The RootChip is a generic tool and can be altered to test any aspect of root physiology that can be analyzed visually. It can easily be modified to study more than 30 seedlings at the same time and can be expanded for use with plants used to make biofuels, such as Brachypodium and foxtail millet.

 

This research was supported by grants from NSF and DOE, as well as an EMBO long-term fellowship and the Alexander V. Humboldt Society.

 

Website: http://www.ciw.edu/

 

http://www.seedquest.com/news.php?type=news&id_article=23143&id_region=&id_category=&id_crop=

 

Source: SeedQuest.com

 

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1.50  From loyalty cards to proteomics and the birth of the super experiment

 

United Kingdom

22 December 2011

 

Like tracking customer buying preferences with a loyalty card, BBSRC-funded researchers at the University of Dundee are using business intelligence software to discover patterns and trends in proteomics data which were not visible previously.

 

It's a novel solution to a common problem, and one that has allowed the team to overcome a major bottleneck to proteomics research: how to compare and integrate data from many independent experiments. Now with a suite of customised software under their belt, the team is developing a super experiment for functional proteomics analysis, which in the long term could help to deliver on the promises of the human genome project of tailor-made medicines.

 

A few years ago it was usually only possible to study one or two proteins at a time. Today researchers can generate data for thousands of proteins and their associated genes in a single experiment. While this is great in principle, the reality is that colossal amounts of untapped data are generated that are usually kept in isolation, with little or no chance of being used at a future date.

 

Professor Angus Lamond, Director of the Wellcome Trust Centre for Gene Regulation and Expression at the University of Dundee, recognised early on that the collection and analysis of proteomics data was limiting progress. "We needed a more sophisticated approach," he said.

 

"Working with colleagues in Dundee at the School of Computing, we quickly realised that business intelligence techniques could be the key to creating what I've termed, 'super experiments'."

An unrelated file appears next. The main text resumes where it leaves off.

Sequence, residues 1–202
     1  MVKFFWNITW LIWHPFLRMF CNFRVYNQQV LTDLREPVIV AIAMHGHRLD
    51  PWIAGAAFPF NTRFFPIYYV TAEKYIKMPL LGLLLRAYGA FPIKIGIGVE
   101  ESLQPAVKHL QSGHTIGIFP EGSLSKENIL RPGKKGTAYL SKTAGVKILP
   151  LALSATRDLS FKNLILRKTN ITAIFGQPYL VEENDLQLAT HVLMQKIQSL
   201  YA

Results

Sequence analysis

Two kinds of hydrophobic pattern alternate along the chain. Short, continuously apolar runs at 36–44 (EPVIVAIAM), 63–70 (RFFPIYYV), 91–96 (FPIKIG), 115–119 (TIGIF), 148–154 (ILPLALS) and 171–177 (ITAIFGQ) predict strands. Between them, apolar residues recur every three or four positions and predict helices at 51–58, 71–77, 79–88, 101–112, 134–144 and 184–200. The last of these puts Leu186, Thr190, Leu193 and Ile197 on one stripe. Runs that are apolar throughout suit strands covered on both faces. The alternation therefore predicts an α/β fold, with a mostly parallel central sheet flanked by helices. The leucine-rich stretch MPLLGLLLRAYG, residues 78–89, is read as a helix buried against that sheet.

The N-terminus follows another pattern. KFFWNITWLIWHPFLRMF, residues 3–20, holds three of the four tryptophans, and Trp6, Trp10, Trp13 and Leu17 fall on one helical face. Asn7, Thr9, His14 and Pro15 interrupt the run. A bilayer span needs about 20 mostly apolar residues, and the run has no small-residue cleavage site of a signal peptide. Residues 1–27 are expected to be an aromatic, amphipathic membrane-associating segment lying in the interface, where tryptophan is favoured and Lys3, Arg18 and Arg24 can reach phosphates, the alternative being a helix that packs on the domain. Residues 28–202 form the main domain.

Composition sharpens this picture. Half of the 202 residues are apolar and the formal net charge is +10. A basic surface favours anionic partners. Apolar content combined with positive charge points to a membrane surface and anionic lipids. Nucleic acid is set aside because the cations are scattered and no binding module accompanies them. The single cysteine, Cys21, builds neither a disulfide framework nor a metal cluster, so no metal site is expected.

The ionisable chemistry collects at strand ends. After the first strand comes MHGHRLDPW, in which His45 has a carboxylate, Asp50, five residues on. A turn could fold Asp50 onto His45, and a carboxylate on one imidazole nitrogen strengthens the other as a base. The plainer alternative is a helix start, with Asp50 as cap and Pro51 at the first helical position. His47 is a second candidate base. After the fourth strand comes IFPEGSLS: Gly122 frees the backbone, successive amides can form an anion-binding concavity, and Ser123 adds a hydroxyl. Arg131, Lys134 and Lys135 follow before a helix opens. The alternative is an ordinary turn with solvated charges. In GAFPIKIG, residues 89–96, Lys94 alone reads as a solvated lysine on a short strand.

By creating a multi-dimensional database to manage all the consistently annotated data from the many hundreds of proteomics experiments in Lamond's lab, he realised that it would also be possible to integrate data from multiple experiments and extract information that simply isn't available when individual experiments are considered in isolation.

 

But instead of using business intelligence software to track consumer spending patterns in order to maximise profits, for example in the use of own brand versus high value products, by high volume, or by season or location, Lamond and his team would track multiple variables such as cell type, whether proteins are switched on or off, the location of proteins with a cell and post-translational modifications.

 

"It's the same concept, just the names are different," he says.

 

According to Lamond, such an approach could open the door to large scale, functional proteomics experiments to find out exactly what multiple proteins, are doing in cells and the relationships between them. Because most medicines affect proteins rather than DNA, there is the potential to build on the findings of the human genome project and use the integrated information from proteomics experiments for the development of safer, more tailor-made drugs.

 

Software solution

The first step was to create a customised suite of software - called PepTracker. The development of PepTracker was supported in part through the Radical Solutions for Researching the Proteome (RASOR) programme, funded by BBSRC, the Engineering and Physical Sciences Research Council and the Scottish Funding Council, as well as by a BBSRC funded PhD studentship and additional support from the Wellcome Trust.